Monday, April 27, 2015

2015 Water Resources Symposium Recap

Organizers Tolessa Deksissa (left) and Tamin
Younous (right) with Daniel Zarilli 
The UDC Water Resources Research Institute hosted the 2015 National Capital Region Water Resources Symposium on April 10, 2015, at the David A. Clarke School of Law. The symposium, Urban Water Management and Resilience in Uncertain Times, brought together experts from governmental agencies, academia, the private sector, and non-profits to discuss challenges and opportunities for sustainable management of water resources and infrastructure in the region, as well as nationally and internationally.

"Resilience is all about systems, and the particular systems in this region need to function well to be resilient," Dean O'Hara said before conference attendees.

In his keynote address, Daniel Zarrilli, director, Mayor's Office of Recovery and Resiliency for the City of New York, noted the similarities between Washington, D.C. and New York City--both being large, steadily growing east coast metropolises, vulnerable to extreme weather.

In addition to the 44 lives lost, Hurricane Sandy constituted a $19 billion loss in economic damage. New York City faces increasing risks from climate change related extreme weather and therefore must plan accordingly to mitigate loss. By 2050, the average temperature is expected to increase from 4.1 - 5.7 degrees, is expected to experience a 4-11% increase in average annual precipitation as well as a 1-2.5 foot rise in sea levels.

After Hurricane Sandy devastated the New York/New Jersey area, New York established the Office of Recovery and Resiliency to address the challenges illuminated by the historical storm: population growth, the impact on the economy, climate change and infrastructure being the most prominent. In essence, "Plan NYC" details how the city will address: 1) Strengthening coastal defenses; 2) Upgrading buildings; 3) Protecting infrastructure and services; and 4) Making neighborhoods safer and more vibrant.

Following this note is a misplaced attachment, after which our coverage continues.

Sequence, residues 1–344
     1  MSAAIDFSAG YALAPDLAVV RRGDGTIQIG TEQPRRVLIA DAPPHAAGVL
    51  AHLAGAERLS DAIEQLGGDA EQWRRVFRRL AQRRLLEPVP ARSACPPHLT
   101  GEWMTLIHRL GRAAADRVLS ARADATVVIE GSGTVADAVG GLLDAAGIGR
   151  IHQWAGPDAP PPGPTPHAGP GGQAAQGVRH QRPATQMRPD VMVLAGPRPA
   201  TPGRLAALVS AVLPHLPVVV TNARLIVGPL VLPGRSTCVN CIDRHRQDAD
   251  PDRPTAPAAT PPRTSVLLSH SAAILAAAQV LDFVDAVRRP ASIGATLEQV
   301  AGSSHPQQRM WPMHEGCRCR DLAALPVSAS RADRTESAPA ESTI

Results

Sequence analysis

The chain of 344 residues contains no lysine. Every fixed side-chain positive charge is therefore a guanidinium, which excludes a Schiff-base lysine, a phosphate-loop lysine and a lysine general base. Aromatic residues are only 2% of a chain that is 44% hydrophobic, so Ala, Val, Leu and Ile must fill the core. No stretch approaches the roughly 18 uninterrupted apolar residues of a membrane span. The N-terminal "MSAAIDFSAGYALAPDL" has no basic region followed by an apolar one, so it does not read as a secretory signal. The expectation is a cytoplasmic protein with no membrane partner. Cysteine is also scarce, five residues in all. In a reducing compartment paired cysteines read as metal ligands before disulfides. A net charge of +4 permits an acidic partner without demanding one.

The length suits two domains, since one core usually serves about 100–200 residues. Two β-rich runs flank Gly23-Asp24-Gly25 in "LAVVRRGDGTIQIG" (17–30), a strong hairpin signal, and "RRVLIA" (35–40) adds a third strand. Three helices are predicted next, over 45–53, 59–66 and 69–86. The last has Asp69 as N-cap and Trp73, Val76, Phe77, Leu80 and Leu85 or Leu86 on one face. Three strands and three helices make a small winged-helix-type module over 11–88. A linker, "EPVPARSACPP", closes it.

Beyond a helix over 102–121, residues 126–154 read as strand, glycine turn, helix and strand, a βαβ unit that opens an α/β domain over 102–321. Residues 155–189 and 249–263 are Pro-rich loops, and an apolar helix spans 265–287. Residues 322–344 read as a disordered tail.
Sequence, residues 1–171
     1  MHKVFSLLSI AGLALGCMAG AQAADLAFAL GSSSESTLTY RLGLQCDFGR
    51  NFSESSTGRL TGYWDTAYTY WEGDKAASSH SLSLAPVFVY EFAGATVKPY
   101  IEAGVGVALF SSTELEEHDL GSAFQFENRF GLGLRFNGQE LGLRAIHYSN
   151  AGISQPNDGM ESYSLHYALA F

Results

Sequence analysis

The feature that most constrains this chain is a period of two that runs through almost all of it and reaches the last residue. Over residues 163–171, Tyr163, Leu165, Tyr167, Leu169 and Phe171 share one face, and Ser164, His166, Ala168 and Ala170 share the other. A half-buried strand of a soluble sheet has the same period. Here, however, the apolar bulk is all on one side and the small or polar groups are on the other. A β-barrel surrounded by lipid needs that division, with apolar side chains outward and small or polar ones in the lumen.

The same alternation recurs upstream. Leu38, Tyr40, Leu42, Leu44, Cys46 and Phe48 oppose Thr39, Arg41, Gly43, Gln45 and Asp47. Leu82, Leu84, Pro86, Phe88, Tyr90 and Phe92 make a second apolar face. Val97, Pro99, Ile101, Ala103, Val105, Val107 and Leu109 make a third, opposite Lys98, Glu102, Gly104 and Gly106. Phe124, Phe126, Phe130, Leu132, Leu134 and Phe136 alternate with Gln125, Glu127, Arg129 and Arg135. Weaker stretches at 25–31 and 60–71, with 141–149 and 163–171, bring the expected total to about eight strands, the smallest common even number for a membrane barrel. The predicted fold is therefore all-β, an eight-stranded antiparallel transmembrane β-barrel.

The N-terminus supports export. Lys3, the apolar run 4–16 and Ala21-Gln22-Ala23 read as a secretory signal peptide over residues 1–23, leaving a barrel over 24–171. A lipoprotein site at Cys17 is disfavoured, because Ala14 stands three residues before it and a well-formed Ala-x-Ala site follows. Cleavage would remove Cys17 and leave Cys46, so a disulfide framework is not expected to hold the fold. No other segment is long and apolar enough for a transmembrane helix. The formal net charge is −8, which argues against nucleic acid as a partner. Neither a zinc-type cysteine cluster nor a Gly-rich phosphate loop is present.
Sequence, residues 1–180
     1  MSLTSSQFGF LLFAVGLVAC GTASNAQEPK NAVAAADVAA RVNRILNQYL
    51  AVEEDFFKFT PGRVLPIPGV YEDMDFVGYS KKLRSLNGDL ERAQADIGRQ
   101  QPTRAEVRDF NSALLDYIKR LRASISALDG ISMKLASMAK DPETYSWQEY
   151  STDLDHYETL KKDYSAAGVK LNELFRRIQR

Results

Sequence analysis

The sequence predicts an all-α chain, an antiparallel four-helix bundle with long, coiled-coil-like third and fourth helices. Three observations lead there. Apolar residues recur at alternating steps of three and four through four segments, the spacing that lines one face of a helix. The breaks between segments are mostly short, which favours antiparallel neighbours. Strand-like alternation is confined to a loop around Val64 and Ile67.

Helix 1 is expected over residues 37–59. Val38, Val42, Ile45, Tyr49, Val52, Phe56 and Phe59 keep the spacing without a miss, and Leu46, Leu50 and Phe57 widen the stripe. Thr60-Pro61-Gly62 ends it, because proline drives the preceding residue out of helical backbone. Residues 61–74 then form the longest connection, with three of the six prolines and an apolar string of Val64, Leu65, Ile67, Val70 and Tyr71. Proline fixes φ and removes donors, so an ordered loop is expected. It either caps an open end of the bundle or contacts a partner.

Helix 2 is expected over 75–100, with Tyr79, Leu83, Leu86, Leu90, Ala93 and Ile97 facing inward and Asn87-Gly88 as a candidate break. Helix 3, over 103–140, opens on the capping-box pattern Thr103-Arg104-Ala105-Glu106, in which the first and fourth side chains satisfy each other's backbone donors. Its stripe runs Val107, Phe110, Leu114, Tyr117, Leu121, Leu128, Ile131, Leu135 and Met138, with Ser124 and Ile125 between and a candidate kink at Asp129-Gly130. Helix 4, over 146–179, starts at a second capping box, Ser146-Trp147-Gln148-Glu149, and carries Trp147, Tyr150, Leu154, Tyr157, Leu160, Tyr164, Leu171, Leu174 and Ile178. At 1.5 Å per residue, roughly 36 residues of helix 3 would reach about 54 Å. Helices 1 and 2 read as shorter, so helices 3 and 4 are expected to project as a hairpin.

Panelists included Ward 3
Couniclmember Mary Cheh
"There is no way to be climate proof in this world, but we can be climate ready," Zarilli explained.

The symposium was co-hosted by the AWRA- NCRS, Institute for Water Resources, and the University of the District of Columbia. The National Capital Region (NCR), encompassing the District of Columbia, and parts of Maryland, Virginia and West Virginia, has unique and challenging opportunities for sustainable management of water resources and water infrastructures. Other speakers included: Carolyn Kousky (Resources for the Future), Vicki Arroyo (The Georgetown Climate Center), Mary M. Cheh (Ward 3 Council Member, District of Columbia), and Panel Moderator Roland C. Steiner.

WRRI is part of the Center for Sustainable Development of the College of Agriculture, Urban Sustainability and Environmental Sciences of the University of the District of Columbia. For more information on CAUSES, visit For questions, please contact Dr. Tolessa Deksissa at or (202) 274-5273.

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